I’ve been following Troy Escamilla’s work (read our interview with him here) since I first started writing for PopHorror, just after he had recently finished his first feature, Party Night.(you can read our review here). It wasn’t long after that I backed his second feature, Stirring (read our review here), on Kickstarter. I absolutely loved the film, and it has finally been officially released, although under the updated moniker Mrs. Claus. Read on to find out why I love this film so much.
Produced by Fright Meter Films, Mrs. Claus is the latest film from writer/director Troy Escamilla. The cast includes Helene Udy (My Bloody Valentine 1981), Brinke Stevens (The Slumber Party Massacre 1982, Sorority Babes In The Slimeball Bowl-A-Rama 1988), Daiane Azura (House Of Pain 2018), Kaylee Williams (Ahockalypse 2018, Mama’s Boy 2018), Mel Heflin (read our interview with her here), Hailey Strader, Billy Brannigan (read our interview with him here), Ryan Poole (Party Night 2017), Brandy Specks (How To Get Away With Cheating 2018), Jantel Fontenot (Blackmere Harvest 2017), Jace Greenwood (Hellraiser: Judgement 2018), and Drew Shotwell (Party Night 2017).
A group of college students attending a Christmas party at a sorority house that has a sinister past are stalked by a bloodthirsty killer disguised as Mrs. Claus.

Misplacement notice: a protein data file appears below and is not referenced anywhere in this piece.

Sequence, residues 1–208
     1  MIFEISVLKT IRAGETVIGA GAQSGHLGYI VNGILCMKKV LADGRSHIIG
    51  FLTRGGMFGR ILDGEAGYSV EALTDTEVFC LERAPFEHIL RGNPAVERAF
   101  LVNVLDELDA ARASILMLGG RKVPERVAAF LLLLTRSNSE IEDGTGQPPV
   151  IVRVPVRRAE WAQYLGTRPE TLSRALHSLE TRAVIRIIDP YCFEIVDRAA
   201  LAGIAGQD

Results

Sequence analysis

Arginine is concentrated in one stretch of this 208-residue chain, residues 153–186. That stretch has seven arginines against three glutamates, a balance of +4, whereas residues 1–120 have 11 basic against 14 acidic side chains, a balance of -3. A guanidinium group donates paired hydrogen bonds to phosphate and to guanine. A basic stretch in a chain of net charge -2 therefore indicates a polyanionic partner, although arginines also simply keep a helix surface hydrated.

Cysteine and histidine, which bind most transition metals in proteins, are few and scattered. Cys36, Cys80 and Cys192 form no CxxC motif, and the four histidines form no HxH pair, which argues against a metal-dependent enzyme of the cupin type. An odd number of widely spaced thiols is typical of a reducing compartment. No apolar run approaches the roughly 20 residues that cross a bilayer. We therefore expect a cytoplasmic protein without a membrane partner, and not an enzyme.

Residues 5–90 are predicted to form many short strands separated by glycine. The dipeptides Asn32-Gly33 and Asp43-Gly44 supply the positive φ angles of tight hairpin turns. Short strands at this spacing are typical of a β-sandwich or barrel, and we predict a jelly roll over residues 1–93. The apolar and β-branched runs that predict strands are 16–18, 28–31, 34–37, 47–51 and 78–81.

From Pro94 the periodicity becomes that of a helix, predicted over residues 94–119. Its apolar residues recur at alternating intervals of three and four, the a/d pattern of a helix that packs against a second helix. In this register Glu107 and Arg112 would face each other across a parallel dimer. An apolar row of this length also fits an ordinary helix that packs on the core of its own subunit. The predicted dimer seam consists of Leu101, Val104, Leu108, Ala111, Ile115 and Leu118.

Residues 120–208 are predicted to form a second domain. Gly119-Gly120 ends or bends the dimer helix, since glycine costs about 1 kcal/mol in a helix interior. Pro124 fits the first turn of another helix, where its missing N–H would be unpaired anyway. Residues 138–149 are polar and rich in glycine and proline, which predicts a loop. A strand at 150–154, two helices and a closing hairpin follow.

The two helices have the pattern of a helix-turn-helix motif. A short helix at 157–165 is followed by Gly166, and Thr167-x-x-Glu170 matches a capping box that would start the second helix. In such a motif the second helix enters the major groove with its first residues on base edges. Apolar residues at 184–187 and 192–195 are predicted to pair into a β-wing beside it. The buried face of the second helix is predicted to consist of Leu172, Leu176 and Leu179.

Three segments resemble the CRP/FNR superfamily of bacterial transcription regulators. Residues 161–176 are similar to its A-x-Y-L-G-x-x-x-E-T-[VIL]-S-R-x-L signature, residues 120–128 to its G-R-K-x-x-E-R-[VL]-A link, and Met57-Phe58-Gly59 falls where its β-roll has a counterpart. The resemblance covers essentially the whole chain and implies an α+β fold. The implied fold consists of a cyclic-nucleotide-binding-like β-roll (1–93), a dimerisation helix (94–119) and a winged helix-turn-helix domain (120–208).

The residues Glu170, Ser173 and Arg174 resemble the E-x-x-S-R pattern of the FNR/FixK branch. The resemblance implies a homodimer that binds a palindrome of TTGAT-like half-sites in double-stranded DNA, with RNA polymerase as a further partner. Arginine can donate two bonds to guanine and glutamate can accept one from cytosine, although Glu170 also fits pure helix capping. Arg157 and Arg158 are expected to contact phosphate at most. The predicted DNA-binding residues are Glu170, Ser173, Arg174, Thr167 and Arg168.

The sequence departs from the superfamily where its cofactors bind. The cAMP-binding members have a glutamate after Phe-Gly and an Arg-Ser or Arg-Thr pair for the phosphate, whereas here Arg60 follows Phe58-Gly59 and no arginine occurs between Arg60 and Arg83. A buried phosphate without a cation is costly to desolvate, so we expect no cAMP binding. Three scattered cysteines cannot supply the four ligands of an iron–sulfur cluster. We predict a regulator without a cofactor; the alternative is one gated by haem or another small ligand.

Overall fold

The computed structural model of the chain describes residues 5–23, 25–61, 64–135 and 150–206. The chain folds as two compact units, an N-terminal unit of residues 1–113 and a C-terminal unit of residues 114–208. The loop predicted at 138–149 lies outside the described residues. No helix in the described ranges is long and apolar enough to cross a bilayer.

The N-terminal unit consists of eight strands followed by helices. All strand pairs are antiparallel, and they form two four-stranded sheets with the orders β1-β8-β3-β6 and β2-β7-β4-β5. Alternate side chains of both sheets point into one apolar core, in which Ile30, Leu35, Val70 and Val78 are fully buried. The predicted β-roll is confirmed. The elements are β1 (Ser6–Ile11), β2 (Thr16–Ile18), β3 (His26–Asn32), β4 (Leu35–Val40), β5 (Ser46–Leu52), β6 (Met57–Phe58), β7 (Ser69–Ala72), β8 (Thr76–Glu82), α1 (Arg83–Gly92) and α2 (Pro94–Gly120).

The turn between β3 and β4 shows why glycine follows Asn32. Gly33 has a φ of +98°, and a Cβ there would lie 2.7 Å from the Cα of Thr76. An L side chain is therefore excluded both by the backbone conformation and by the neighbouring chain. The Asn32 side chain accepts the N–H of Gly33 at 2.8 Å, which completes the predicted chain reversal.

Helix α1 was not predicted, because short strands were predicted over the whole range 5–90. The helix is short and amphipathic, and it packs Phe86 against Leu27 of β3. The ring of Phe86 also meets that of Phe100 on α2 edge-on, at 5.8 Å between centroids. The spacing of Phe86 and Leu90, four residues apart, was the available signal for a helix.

I really enjoyed all the characters in Mrs. Claus, even the ones who were kinda assholes or annoying in an endearing way yet still likable (except maybe Kaylee Williams’ character, but without her, there wouldn’t be a movie). The performances are great all around and every character gets the opportunity to shine, whether it be a defining story arc, a sweet moment, a hilarious one liner or just an epic death scene (which this movie has in spades). The actors have great chemistry and feel like real friends, not just a bunch of actors playing roles. The kills are extraordinarily gory, including throat slashings, stabbings, decapitations, garottings with Christmas lights and a double impalement via Christmas decorations (Friday the 13th homage?) – there was even a black dildo used in one shocking murder, all with plenty of the red stuff on display. I dug the story quite a bit as well. Granted, it was a fairly simple tale, as most revenge-centered stories are, but it was effectual. I was able to sympathize with the killer much more than I felt comfortable with.
Mrs. Claus shows Troy Escamilla’s growth as a filmmaker. I feel that this film is an improvement over Party Night (which I did enjoy) in almost every way imaginable. The film benefits from better writing, stronger pacing and acting, and a much more complete story, while still being a fun-filled, gory good time. Highly recommended.